Hard to Remove Tarnish

If the tarnish is hard to remove, you can let your silver jewelry soak for 30 minutes. Rinse the piece immediately after soaking then buff.

Cleaning Gold

If the gold jewelry you find is dirty and in need of cleaning, give it a bath.

In a small bowl, add a few drops of mild liquid dish soap to warm water. Swish around with your fingers to mix.

Set the jewelry in the bowl and let sit for 5 to 10 minutes then rinse under cool water.

If the jewelry shows signs of dirt particles that didn’t come off, hold it in the mixture and use an old soft toothbrush and lightly clean.

Dry with a soft, lint-free cloth and polish to a nice shine.

Electronics

Did you know you can find gold in old electronics? You can. There are plenty of videos online that show you how to take apart old computers, VCR’s and other electronics, to extract the precious metals from them.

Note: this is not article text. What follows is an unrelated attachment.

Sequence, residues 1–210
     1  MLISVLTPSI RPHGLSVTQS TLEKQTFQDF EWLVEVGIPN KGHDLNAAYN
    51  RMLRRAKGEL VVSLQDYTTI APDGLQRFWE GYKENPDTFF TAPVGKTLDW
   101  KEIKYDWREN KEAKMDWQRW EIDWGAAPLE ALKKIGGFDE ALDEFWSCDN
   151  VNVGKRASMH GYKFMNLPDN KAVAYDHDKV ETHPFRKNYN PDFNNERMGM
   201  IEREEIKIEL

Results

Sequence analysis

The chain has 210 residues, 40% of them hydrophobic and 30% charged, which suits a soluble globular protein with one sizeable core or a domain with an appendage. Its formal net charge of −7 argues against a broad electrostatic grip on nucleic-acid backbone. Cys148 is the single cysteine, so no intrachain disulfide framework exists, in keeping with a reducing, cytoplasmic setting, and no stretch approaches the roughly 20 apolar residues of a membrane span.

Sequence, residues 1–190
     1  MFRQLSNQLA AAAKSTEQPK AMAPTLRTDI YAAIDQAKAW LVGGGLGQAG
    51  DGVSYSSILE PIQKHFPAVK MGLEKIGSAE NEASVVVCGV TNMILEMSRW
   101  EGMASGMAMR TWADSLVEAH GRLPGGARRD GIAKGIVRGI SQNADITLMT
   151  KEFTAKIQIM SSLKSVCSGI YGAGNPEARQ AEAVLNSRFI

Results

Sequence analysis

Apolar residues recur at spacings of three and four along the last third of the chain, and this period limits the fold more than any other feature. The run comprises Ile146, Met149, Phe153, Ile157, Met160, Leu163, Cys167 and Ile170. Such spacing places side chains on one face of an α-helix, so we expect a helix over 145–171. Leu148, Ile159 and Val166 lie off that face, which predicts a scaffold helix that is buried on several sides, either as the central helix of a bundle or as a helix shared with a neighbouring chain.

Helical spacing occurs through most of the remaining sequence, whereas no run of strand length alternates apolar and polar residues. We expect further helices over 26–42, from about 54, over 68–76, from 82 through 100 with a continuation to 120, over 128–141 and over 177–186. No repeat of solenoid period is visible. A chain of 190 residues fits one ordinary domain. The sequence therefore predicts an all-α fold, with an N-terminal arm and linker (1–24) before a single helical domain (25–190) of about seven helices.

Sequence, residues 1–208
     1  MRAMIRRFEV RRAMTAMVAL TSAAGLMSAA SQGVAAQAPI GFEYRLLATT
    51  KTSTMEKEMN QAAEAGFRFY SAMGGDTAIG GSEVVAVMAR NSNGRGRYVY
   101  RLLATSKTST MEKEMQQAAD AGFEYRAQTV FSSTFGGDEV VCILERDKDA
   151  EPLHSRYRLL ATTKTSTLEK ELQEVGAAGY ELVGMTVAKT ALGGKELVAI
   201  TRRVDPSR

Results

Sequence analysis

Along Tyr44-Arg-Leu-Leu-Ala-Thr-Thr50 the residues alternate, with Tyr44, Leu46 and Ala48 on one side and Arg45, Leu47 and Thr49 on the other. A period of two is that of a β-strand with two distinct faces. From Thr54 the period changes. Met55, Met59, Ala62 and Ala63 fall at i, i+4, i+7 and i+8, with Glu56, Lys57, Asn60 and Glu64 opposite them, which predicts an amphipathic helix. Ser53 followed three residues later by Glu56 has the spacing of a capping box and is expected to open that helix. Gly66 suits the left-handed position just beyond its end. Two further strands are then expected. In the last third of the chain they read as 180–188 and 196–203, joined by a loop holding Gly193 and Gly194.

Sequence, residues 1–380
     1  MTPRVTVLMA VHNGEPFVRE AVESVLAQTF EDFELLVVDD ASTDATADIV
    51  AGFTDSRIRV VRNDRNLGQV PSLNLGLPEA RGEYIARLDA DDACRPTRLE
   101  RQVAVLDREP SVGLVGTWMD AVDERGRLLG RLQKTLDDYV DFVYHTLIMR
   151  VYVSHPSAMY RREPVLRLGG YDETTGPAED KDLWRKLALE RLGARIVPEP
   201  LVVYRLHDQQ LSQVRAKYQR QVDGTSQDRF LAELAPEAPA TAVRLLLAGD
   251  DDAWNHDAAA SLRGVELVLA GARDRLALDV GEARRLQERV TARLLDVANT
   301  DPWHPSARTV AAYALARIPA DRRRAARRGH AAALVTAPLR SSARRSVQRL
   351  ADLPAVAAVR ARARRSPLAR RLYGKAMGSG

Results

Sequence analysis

You might have to take apart a few of them to make some real money, but in the end, you have that extra cash you’re looking for.

Sports Memorabilia

Maybe your Uncle Bob or your Mom’s cousin Fred collected sports cards. One of them just might be a diamond in the ruff. There are some old sports cards that are collectible - and if they are in good condition - can be very valuable.

Locate a store in your neighborhood that can take a look at them. Have someone evaluate the worth and maybe at the same time send you in the right direction for selling them.